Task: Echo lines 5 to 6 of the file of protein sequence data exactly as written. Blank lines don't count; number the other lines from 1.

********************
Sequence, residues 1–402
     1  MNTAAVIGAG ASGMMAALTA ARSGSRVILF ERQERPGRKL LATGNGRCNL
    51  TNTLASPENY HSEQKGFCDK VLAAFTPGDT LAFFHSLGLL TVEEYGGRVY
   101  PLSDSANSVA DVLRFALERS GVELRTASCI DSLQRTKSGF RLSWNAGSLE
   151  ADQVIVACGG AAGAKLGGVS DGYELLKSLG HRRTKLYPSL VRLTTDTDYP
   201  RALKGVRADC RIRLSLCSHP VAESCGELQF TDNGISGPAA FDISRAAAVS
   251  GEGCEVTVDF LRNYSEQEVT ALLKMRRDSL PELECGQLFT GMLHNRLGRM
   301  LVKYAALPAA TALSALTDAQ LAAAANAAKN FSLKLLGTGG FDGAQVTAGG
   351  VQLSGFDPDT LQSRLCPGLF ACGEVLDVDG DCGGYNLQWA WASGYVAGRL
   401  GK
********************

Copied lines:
   151  ADQVIVACGG AAGAKLGGVS DGYELLKSLG HRRTKLYPSL VRLTTDTDYP
   201  RALKGVRADC RIRLSLCSHP VAESCGELQF TDNGISGPAA FDISRAAAVS